Improved Bears looking for first second-half ‘bump’ since 2010

Offensive tackle Bobby Massie takes them one game at a time like every other player in the NFL is supposed to. But he couldn’t help but peek at the Bears’ second-half schedule and see opportunity.

“The games that we have lined up for us, we have the ability to potentially — if we do everything we need to do — make a playoff run,” Massie said. “It’s been awhile since Chicago’s been to the playoffs [seven seasons, to be exact], so potentially it’s there for us. We’ve got to take the steps to get that done. But that’s what I see — we’ve got an opportunity to really do something here.”

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Optimism is inherent to any team in any sport under any circumstance. In 2014, the Bears finished a 3-5 first half of the season with a dreadful 51-23 loss to the Patriots at Gillette Stadium. But the upcoming bye week gave coach Marc Trestman a buoy to hold on to.

Bears rookie safety Eddie Jackson's 76-yard interception return for a touchdown was one of three defensive scores by the defense in the first half. Marcus Cooper also had a 73-yard return of a blocked field goal that should have been a touchdown but still led to a field goal. (Jonathan Daniel/Getty Images)

“I’ve seen this happen over time after a bye week where teams find themselves,’’ Trestman said at the time. “We’ve just got to put it all together.’’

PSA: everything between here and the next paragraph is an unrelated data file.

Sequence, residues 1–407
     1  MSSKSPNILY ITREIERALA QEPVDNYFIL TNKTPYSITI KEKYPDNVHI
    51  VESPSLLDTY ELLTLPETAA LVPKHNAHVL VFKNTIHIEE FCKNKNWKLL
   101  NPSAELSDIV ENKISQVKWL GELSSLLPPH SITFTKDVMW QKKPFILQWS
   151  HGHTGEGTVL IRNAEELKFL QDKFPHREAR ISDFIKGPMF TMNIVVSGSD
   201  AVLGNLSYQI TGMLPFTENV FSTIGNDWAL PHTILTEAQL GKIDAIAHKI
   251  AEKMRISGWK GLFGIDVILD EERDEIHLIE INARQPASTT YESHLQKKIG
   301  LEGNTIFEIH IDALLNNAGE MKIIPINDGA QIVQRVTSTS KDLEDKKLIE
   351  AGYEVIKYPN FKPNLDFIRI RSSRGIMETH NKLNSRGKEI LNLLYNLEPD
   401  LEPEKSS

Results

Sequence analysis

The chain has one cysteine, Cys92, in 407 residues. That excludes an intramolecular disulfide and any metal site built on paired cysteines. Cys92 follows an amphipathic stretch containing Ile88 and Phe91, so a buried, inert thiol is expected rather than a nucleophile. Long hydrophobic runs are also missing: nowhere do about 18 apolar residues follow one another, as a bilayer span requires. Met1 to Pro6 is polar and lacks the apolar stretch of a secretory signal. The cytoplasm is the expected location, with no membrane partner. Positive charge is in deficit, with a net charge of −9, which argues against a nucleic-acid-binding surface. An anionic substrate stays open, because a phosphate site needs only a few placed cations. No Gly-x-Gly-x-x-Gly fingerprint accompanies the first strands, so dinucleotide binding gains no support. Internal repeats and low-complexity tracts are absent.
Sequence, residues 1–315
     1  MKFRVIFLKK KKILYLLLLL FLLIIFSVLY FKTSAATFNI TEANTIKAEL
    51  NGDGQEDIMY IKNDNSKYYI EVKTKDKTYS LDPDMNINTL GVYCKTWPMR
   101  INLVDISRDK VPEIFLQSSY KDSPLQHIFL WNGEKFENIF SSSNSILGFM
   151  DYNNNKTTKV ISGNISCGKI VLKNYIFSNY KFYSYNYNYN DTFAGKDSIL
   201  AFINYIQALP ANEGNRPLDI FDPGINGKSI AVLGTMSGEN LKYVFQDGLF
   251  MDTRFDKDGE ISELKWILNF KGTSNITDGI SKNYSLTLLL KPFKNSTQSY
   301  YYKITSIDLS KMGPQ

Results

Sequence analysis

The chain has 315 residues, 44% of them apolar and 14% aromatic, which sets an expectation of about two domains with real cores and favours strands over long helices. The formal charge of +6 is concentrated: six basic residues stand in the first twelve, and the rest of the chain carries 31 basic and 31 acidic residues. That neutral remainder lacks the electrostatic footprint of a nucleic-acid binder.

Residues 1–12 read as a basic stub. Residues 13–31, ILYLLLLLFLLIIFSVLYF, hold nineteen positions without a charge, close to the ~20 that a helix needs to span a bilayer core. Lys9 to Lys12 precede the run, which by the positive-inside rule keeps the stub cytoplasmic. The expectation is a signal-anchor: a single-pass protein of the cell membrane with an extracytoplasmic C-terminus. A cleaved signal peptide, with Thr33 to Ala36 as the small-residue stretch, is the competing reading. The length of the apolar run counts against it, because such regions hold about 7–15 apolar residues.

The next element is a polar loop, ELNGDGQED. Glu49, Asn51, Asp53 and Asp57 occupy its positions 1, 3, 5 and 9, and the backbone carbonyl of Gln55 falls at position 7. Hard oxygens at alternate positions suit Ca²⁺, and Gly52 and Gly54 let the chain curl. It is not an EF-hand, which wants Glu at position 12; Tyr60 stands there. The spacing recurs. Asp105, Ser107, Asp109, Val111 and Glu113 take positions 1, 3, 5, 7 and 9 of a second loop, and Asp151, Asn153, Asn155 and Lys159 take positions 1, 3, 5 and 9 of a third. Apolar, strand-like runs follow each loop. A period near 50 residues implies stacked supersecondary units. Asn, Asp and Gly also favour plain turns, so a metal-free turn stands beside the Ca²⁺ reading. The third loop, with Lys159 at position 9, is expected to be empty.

Less than two quarters into the next game, the Bears were down 42-0 to the Packers at Lambeau Field, and Trestman’s fate was all but sealed. So much for optimism. The Bears were 2-6 in the second half that season. If that sounds familiar, it’s because it is. Last year, they were 1-7 in the second half under John Fox. They were 2-6 in the second half of Fox’s first season in 2015.

In fact, the Bears haven’t had a better record in the second half than in the first half since 2010, when they went 6-2 after a 5-3 start to finish 11-5 and win the NFC North.

After a promising 3-5 start this season, the second half will determine if the Bears have truly turned the corner under general manager Ryan Pace and Fox. And their optimism is not unfounded. Here are four reasons why this season has a chance to be different:

1. The eye test

All you have to do is watch to see this team is better, with better players, improving players and more depth.

“It’s not a magical pie-in-the-sky thing,” linebacker Sam Acho said. “I’ve seen what we’ve put on film [the last few weeks]. I’m optimistic because we’re playing well. We’ve been playing well, and we’re getting better every week.”

2. Playmakers

Last season, the Bears’ only play of more than 50 yards by the defense and special teams was a meaningless 65-yard punt-return touchdown by Eddie Royal against the Eagles. This year, the Bears already have four plays of 50-plus yards on defense and special teams, including three touchdowns — and all of them have led the way to ­victory.

3. Mitch Trubisky

While the rookie’s numbers after four starts are mediocre at best, his potential is obvious. This team believes in him.

“Trubisky was my biggest point of improvement during the last game for us,” defensive end Akiem Hicks said. “It seemed like he was so much more comfortable back there. I was impressed by his growth, and I look forward to more of it.”

4. The schedule

The Bears’ second-half opponents were a combined 27-36 (.429) heading into Monday night’s Lions-Packers game. Five of their opponents — the Packers, Lions (twice), 49ers, Bengals and Browns — were a combined 1-17 in the last four weeks.

“It does make a difference,” Massie said, “because the first half of our season was tough. We still have a lot of good teams on our schedule. But if we can put ourselves in position to win these games . . .”

You never know what might ­happen.

Follow me on Twitter @MarkPotash


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